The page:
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Rapture of Canaan 4.3 out of 5 based on 0 ratings. 58 reviews.
NanetteK More than 1 year ago
I would not expect a Christian story worthy of the Oprah Club's endorsement to be less than negative toward the faith. But what I did not expect was the disgusting and heretical treatment on display by Ms. Reynolds on page 72 - the last page of this tome I could bear to read: That night I dreamed of Jesus on the cross, on a cross in the field behind the church....I dreamed I went outside in just my gown and walked up to him. He was too nearly dead to speak, but all he had in his eyes was love for me. And I walked up to the wound in his side where he'd been stuck with a sword. I put my mouth on that wound and began drinking from it, swallowing his blood. And then the wound his his side became a mouth, kissing me back, and I could slip my tongue into the wound, feel the inside of his skin with my tongue, circle it there tasting him.
Anonymous More than 1 year ago
I would never have finished this book if it had not been required by my instructor. To call this book "literature" is to insult almost every other piece of literature I have ever read. It served only as a vehicle for Reynolds to vent her Oprah-style disdain for biblical Christianity by showing a ridiculous, totally unrealistic and blasphemous distortion of it. I threw my copy in the trash once my assignment was over to prevent someone else from the pain of enduring it.
Anonymous More than 1 year ago
I liked this book a lot. It was hard to put down. The subject was different and fascinating. I loved Ninah Huff, the main character and ger Nanna.
Anonymous More than 1 year ago
I have read many(perhaps 100's)books this past year or two and have yet to write a review on any of them; but after reading this book along with all the reviews, I simply feel compelled to do so-knowing how close I came to not buying the book after reading the few negatve reviews. ANYONE who says that this book is"sacraligious"or that it was written with the clear intent to condemn traditional followers and true believers of the Bible, is so far off in their interpretation that they have to be the same people who view the world and their place in it as"US against THEM"...Believers vs. NON-Believers. This book is like so many other works of fiction, in that it succeeds-perhaps a bit too well for some-in doing what all truly great and inspiring authors set out to do.....Allows the reader to experience anothers way of life, no matter how unfortunate and different from our own it may be. Religious cults are very real. They are also very disturbing in every way possible to those of us who believe in the Love and Mercy of God. This book was beautiful in its depiction of Cult life and the way a teenager might truly feel growing up in one...yet in no way shape or form should it be interpreted as a depiction of true/mainstream Christianity! Please read this book and expect to be touched in a profound way. Let it be a lesson in all the UgLY out there, and hopefully it will deepen your appreciation for the TRUTH and the freedom you have to seek and discover it for yourself without such distortion and fear.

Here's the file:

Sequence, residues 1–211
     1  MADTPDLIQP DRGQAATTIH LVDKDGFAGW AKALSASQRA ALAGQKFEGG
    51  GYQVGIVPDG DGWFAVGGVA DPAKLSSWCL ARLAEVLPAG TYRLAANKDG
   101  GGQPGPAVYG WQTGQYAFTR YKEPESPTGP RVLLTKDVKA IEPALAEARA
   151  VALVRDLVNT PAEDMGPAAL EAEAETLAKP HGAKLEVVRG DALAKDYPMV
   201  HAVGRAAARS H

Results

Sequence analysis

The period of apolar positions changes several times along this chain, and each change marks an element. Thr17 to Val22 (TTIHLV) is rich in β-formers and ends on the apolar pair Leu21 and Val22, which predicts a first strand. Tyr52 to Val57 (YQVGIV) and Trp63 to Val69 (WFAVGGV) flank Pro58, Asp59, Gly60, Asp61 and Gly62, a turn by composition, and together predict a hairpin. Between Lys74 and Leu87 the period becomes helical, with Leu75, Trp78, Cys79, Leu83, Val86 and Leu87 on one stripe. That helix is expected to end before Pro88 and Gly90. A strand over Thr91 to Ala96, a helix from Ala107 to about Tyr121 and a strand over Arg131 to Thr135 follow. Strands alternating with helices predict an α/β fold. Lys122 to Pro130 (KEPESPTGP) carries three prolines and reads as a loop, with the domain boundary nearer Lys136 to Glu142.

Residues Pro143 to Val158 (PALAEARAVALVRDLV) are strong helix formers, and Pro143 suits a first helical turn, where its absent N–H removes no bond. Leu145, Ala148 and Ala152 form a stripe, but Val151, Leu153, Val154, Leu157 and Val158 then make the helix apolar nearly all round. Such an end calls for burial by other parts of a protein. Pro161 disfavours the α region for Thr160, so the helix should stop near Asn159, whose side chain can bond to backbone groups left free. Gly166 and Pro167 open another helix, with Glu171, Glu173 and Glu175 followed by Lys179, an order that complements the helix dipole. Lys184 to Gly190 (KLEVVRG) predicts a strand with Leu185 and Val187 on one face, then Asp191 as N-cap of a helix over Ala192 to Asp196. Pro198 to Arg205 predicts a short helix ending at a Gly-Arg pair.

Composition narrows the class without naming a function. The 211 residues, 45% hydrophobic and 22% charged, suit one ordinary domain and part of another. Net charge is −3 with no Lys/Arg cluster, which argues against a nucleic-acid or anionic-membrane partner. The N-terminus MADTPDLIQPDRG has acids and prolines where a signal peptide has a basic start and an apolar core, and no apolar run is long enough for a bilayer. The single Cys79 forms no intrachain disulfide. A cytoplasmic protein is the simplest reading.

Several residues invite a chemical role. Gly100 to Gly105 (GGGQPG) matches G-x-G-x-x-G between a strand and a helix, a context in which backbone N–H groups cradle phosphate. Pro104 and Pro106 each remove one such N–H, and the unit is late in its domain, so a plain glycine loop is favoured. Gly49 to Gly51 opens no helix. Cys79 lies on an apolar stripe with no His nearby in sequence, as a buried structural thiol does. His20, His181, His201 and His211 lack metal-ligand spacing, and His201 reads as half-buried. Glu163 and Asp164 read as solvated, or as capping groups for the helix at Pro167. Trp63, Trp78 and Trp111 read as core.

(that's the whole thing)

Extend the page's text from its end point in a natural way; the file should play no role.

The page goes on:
anne1571 More than 1 year ago
This book was peppered with beautiful, deeply moving imagery intricately woven into a most repugnant tapestry. My stomach turned as I read of the fear-driven abuse inflicted on a young female protagonist (and other members of this communal congregation) by the elders of this church, all of whom were coerced, indoctrinated & made to be fully dependent on a sadistic patriarch, expatiating a most vulgar, self-serving dogma under the guise of Christianity. The story was masterfully told with vivid detail, complex character development and evoked a gamut of emotion throughout. I was hooked in by this pitiful protagonist, sustaining on blind faith and obedience, and I was compelled to stay by her side & see it through with her to the end.
Anonymous More than 1 year ago
You must be understanding to the power and control that religion can play within a family to appreciate this book. But if you've been there, this book is for you.
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PricelessReads More than 1 year ago
I've always been intrigued by small religious communities: the Amish, the Mennonites, etc. who seemingly live in their own time and space. The author does a great job in this book with setting the scene. While reading this book, I too was walking around the compound of The Church of Fire and Brimstone and God's Almighty Baptizing Wind. I was very angry at whoever wrote the description on the back of the novel however, as they gave away events in the story that don't happen until well into half the novel. Even so, I enjoyed the story of Ninah and was rooting for her the whole way through.